Manning is currently working as a data scientist and a consultant on digital security projects. It’s what excites her now, the prospect of technical work to “develop tools for organizing, develop tools for communicating, and develop tools to make ourselves less dependent on these large corporations and apparatuses that can turn off at a switch.” The privacy terrain has changed since Manning worked in the military, or since Edward Snowden revealed details about mass surveillance by the National Security Agency.
“Every single person is walking around leaving these gigantic data trails behind them. No one is off-grid in 2022,” she said. It’s daunting to consider as abortion patients and reproductive rights activists worry about leaving themselves open to prosecution via Google searches or plane ticket purchases. The surveillance apparatus has, she told me, “grown in scale, it’s grown in its ability to filter and go through information. And it’s even filtered down to smaller actors like smaller corporations and more private contractors and smaller law enforcement agencies that now have these tools available to them.” Manning is clear sighted about the realities facing activists navigating this field. “I can’t expect somebody who’s done reproductive rights work for 25 years to automatically, overnight, be able to defeat large scale, well-funded surveillance programs. I just can’t,” she said. “It is also the fear and the anxiety about law enforcement coming that really has the chilling effect against activity. The goal [of the state] is to have people self-censor or to have people be the police force. But I think that even large-scale intelligence agencies and police state apparatuses really struggle to actually execute a lot of actions. They depend very much on the culture of fear, anxiety, and this incessant feeling that you’re being watched at all times.”
Her own ordeal with government repression is not entirely behind her; she’s still climbing out of the financial ruin of fighting the U.S. government on multiple fronts (the book ends in 2017, before she was re-incarcerated for refusing to testify, on principle, before a grand jury that was investigating Wikileaks). And while she says she considers herself financially fairly stable, thanks to her celebrity, skills, and support networks, “I’m one bad month or quarter away from not being able to pay my credit cards and bills.” Constraints on her speech have not ended. The book was subject to a government review, and there are a few redacted sections.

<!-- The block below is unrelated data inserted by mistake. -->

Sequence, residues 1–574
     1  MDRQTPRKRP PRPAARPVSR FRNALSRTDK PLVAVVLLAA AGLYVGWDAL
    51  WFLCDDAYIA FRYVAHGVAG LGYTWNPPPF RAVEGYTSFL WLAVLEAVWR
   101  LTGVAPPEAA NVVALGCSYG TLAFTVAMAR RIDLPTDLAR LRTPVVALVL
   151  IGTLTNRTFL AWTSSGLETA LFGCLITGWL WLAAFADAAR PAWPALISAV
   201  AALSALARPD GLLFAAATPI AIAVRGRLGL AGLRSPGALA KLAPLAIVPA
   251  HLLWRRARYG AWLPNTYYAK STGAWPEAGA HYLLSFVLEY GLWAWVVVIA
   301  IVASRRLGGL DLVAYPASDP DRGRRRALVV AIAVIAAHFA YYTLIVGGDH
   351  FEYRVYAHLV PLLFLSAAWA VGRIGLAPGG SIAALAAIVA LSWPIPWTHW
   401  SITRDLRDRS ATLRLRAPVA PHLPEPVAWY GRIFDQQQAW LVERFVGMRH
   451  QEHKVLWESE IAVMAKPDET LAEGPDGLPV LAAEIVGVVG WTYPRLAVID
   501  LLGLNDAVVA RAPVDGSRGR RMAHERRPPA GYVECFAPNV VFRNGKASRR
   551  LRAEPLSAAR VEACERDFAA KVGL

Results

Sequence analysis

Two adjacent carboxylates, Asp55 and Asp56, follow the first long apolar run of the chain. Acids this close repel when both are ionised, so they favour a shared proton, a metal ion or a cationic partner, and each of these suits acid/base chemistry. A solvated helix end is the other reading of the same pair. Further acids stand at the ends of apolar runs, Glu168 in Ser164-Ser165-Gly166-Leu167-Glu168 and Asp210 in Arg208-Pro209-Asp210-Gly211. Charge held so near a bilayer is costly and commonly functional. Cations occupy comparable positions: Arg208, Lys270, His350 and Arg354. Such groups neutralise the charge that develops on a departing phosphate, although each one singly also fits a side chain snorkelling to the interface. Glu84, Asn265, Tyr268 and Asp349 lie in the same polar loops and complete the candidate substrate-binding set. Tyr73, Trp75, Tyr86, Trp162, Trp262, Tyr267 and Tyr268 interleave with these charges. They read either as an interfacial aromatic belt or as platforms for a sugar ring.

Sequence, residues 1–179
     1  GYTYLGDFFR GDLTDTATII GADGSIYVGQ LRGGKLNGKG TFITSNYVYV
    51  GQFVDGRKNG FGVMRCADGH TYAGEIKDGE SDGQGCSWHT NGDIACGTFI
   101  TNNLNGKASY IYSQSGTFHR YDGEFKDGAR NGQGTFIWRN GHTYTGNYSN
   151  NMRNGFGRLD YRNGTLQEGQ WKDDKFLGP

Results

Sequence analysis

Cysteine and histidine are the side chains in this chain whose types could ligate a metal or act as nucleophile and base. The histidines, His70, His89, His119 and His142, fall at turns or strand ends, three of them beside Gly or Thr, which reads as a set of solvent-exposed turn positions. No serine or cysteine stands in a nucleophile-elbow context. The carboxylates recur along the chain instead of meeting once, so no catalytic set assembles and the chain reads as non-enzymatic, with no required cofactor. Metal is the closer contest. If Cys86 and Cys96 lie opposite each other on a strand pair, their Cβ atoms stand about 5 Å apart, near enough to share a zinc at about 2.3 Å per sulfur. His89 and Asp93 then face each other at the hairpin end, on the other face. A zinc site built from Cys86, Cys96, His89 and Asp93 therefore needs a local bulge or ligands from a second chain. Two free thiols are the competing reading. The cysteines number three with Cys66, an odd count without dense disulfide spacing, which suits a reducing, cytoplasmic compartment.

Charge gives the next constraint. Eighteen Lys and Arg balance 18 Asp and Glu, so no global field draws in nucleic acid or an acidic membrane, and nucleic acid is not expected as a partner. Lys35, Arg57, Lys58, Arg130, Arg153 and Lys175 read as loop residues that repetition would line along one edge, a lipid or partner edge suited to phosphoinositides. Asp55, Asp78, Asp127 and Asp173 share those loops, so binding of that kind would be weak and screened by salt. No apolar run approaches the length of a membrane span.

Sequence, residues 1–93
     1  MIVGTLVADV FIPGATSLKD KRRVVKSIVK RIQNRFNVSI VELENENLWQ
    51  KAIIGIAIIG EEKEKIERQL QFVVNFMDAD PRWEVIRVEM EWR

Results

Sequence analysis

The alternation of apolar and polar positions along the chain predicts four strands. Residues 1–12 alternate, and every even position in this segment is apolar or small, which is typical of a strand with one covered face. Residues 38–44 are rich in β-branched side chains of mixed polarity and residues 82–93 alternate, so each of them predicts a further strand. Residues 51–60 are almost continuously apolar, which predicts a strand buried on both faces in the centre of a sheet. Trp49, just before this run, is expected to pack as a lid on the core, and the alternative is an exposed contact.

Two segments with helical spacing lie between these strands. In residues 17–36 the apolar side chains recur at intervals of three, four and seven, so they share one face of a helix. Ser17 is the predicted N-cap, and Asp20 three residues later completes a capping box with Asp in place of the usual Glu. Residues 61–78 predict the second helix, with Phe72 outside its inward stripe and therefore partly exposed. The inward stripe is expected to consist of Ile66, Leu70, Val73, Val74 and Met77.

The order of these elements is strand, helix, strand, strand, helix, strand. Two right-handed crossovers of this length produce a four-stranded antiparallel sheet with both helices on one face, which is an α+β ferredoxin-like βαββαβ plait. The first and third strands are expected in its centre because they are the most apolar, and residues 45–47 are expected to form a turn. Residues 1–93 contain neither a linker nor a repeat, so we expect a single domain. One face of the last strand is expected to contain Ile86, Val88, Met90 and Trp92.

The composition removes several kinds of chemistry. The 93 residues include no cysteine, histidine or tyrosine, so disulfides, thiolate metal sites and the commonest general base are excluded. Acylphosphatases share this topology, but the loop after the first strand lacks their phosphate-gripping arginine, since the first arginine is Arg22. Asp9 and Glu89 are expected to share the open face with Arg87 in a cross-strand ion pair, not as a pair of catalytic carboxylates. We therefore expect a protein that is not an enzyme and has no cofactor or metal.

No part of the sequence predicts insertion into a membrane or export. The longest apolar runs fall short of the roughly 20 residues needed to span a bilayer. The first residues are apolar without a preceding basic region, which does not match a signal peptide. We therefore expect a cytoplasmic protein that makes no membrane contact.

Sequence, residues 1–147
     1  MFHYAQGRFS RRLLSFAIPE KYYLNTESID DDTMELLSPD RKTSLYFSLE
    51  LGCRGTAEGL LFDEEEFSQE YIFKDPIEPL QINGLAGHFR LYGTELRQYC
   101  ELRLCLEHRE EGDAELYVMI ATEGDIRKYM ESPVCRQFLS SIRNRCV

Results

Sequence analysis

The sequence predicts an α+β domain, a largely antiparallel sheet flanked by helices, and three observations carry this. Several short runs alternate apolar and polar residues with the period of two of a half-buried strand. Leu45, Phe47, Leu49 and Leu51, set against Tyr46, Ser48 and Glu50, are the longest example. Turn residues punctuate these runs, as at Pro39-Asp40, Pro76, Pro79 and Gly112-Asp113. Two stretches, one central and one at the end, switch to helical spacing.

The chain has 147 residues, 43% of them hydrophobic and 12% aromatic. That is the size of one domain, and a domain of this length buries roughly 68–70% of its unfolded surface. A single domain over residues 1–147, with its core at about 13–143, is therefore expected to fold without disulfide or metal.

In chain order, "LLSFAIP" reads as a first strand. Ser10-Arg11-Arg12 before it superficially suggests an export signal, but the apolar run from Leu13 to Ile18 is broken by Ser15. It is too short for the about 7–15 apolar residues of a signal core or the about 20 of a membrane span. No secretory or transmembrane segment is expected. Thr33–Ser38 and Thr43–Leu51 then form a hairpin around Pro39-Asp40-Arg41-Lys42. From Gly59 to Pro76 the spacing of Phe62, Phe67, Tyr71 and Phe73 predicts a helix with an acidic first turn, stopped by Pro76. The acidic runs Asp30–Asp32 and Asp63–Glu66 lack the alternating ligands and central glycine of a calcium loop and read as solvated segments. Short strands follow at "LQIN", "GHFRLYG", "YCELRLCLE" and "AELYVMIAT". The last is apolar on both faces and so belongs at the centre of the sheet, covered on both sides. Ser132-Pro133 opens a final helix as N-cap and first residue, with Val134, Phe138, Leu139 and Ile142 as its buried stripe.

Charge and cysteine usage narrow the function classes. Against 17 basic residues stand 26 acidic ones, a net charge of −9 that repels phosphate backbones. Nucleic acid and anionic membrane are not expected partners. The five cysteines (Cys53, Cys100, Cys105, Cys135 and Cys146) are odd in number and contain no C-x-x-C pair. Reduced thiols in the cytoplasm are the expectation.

As I read the book, I kept coming back to the places where Manning highlighted the resilience of trans and queer communities. She recalls, for example, learning about Bash Back!, a queer anarchist network of cells that was active in the U.S. around the end of the last decade, and the inspiration they took from the Stonewall and White Night riots before them. More recently, in numerous media interviews, she’s stressed the strength of queer and trans communities and the solace to be found in small gestures of recognition. Forced to transition while incarcerated, she encountered a prison barber who would thread her eyebrows into a feminine shape. “A small thing,” she wrote, “that made me feel more like the person I knew I was. It touched me deeply.”
Throughout README.txt, there are moments of joy, beauty, and collectivity. Of the summer she spent living in her car in Chicago, she writes, “I wasn’t just living on the margins, I was falling off the edge.” But the queer scene where she danced and flirted gave her an “anchor and a community” and a place to explore desire and being desired. “Steve Angello’s remix of Eurythmics’ ‘Sweet Dreams’ played constantly that summer,” she writes, “Rihanna had just blown up the pop charts. ‘S.O.S., please someone help me / It’s not healthy for me to feel this,’ she sang as I danced all night. The lyrics from that summer are seared into my brain; I lost myself in the music, in the scene, and the freedom was everything I’d ever dreamed of.”
Music and dance as sites of escape permeate Manning’s story. Even while held in solitary confinement, to get around a “no exercise” rule, she “began to dance, alone, to imaginary music, for hours.”
It’s little surprise then, that she has become a DJ, performing in venues like Bushwick’s vast Elsewhere. For the moment, though, she’s seeking sounds more tranquil. “I’m on a streak of listening to modern orchestra music,” she told me. “Mostly, to stay calm.”
Natasha Lennard is a columnist at The Intercept, teaches at The New School and is the author of Being Numerous: Essays on Non-Fascist Life.
Hair and make-up by Shideh Kafei